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Cognitive primitives of collective intentions: linguistic evidence of our mental ontology

Gold, Natalie and Harbour, Daniel (2012) Cognitive primitives of collective intentions: linguistic evidence of our mental ontology. Mind & Language, 27 (2). 109 - 134. ISSN 0268-1064

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Identification Number: 10.1111/j.1468-0017.2012.01437.x

Abstract

Theories of collective intentions must distinguish genuinely collective intentions from coincidentally harmonized ones. Two apparently equally apt ways of doing so are the ‘neo‐reductionism’ of Bacharach (2006) and Gold and Sugden (2007a) and the ‘non‐reductionism’ of Searle (1990, 1995). Here, we present findings from theoretical linguistics that show that we is not a cognitive primitive, but is composed of notions of I and grouphood. The ramifications of this finding on the structure both of grammatical and lexical systems suggests that an understanding of collective intentionality does not require a primitive we‐intention, but the notion of grouphood implicit in team reasoning, coupled with the individual concept I. This, we argue, supports neo‐reductionism but poses difficulties for non‐reductionism.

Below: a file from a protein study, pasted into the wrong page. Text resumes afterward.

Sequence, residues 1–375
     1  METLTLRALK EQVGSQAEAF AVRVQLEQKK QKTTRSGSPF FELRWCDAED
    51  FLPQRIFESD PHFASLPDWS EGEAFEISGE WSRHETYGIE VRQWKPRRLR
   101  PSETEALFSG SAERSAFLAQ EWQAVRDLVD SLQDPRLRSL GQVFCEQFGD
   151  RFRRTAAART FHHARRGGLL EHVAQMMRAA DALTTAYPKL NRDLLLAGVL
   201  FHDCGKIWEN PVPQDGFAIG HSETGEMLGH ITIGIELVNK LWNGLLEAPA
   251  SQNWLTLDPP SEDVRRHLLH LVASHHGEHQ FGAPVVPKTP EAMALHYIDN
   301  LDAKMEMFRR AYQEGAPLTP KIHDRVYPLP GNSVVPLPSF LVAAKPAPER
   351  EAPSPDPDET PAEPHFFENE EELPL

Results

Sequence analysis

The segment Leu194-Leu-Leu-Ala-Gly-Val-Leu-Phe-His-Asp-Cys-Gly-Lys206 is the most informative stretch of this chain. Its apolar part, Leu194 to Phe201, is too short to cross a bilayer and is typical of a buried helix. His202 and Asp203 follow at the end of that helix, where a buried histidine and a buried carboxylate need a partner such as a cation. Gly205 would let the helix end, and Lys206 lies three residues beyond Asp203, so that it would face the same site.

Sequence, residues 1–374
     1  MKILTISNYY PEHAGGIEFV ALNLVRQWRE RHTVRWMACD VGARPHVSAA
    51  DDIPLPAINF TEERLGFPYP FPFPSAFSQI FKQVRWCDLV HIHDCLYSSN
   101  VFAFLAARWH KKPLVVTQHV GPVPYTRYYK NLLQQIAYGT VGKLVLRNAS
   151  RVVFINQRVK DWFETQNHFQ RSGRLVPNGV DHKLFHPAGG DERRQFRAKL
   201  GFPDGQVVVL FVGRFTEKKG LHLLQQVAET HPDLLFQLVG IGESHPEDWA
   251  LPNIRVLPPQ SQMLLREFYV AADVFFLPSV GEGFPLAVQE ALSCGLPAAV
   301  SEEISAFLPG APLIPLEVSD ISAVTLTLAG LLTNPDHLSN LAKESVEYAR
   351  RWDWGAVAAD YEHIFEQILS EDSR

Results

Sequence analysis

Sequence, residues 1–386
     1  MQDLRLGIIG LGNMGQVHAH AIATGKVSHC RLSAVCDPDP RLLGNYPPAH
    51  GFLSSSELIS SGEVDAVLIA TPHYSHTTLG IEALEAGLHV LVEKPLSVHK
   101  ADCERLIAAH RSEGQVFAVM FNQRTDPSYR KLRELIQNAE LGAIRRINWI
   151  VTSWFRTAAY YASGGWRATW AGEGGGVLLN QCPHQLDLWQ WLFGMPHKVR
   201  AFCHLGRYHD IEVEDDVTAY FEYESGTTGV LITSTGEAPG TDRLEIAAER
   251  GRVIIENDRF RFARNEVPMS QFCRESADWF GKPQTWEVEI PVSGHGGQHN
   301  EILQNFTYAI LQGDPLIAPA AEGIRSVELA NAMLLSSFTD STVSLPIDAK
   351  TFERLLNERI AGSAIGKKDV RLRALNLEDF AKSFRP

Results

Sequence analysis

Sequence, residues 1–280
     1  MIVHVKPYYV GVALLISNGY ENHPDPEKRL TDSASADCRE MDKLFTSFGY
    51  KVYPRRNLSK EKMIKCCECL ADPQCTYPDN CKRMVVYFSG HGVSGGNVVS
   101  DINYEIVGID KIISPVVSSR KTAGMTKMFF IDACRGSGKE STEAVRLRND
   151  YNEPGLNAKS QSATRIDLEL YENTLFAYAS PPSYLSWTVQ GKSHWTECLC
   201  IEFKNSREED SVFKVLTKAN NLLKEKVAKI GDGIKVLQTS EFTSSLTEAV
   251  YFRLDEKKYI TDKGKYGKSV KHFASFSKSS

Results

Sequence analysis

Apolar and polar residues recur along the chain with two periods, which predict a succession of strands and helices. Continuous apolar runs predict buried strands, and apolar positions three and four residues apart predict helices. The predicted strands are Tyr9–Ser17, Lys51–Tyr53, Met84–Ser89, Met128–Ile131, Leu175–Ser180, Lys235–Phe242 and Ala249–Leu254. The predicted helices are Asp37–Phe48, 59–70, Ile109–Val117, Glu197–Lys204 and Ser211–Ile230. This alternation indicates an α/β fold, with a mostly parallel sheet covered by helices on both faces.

Item Type: Article
Official URL: https://onlinelibrary.wiley.com/journal/14680017
Additional Information: © 2012 Blackwell Publishing Ltd
Divisions: CPNSS
Subjects: B Philosophy. Psychology. Religion > BF Psychology
B Philosophy. Psychology. Religion > B Philosophy (General)
Date Deposited: 22 Mar 2021 15:03
Last Modified: 20 Jul 2021 03:03
URI: http://eprints.lse.ac.uk/id/eprint/109277

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